3. Rhino can set and place Adaptive Families. Again, this is really Revit controlling the geometry, but Grasshopper placing and setting values.

What is not possible:

  1. Grasshopper cannot be used to set up a Revit component family in a way that both Grasshopper can control all the shape parameters and Revit can also control all the shape parameters. The reason for this is that Grasshopper controls geometry in a different way than Revit. And The UI in Revit’s family editor is designed to protect the Revit parametric engine. If the Revit editor it you try and do something that does not make sense, it will fail or throw and error. This realtime error checking makes sure a parametric family is free of logical conflicts. It is the Family editor UI that is the validation process when creating Families.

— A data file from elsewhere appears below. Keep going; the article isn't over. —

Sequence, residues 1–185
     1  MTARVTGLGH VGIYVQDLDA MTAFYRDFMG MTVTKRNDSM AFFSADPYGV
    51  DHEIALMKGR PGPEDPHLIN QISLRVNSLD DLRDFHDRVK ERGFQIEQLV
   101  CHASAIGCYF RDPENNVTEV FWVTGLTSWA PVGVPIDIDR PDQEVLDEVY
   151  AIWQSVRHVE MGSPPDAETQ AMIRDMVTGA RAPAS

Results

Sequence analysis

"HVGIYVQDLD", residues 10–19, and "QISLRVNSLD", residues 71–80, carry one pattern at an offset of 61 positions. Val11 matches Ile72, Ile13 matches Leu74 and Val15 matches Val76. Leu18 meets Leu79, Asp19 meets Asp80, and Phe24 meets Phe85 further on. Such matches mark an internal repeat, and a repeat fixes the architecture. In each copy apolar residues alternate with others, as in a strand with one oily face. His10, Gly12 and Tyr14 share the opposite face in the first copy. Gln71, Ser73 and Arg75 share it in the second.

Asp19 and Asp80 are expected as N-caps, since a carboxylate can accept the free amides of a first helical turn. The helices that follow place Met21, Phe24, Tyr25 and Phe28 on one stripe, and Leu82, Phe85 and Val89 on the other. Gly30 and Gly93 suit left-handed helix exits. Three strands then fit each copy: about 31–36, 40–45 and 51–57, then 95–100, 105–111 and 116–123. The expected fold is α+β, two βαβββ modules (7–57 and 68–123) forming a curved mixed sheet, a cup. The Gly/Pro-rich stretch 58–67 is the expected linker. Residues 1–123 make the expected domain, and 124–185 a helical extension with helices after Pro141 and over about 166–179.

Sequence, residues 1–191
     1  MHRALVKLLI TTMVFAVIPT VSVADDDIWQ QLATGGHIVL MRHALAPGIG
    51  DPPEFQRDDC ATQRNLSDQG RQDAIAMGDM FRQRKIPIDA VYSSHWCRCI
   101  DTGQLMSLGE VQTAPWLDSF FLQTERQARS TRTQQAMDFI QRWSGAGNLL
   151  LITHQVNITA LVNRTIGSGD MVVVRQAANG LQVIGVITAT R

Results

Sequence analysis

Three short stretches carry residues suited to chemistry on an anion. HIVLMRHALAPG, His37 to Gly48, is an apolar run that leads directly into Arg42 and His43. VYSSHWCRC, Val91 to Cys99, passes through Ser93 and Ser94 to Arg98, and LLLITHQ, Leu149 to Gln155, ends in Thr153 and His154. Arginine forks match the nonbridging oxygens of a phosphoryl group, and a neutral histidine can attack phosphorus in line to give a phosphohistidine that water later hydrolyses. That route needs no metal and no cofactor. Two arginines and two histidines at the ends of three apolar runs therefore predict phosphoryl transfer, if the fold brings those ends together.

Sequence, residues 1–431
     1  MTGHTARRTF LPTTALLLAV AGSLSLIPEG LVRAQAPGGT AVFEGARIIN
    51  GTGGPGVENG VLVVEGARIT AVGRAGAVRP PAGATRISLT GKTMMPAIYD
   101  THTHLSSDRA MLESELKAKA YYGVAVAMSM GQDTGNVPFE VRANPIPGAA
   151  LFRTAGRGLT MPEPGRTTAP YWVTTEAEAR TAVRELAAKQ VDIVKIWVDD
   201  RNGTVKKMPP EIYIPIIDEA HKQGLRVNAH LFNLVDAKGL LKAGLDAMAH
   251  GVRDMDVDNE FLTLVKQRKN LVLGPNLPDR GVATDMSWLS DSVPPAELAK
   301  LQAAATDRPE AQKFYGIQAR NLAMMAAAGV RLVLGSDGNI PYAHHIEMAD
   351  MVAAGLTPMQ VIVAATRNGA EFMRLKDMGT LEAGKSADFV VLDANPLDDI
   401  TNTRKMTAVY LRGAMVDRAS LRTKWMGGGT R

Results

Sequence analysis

It is understandable that certain model geometry may be easier to define with Grasshopper. But technically there is no way to determine if Revit’s Parametric Family engine will be able to create the same geometry.

Please ask any questions you have about this. I would like to determine a clearer way of explaining the limitation/

Hey Scott,

Thank you for the explanation! From a developer’s perspective, it is clear what is possible and what is not possible between the 2 platforms. I have no questions about “What is possible,” which is what I am currently doing for some workflows. Japhy’s workflow from “Duplicate Type” can solve most non-Geometry-related data transfers.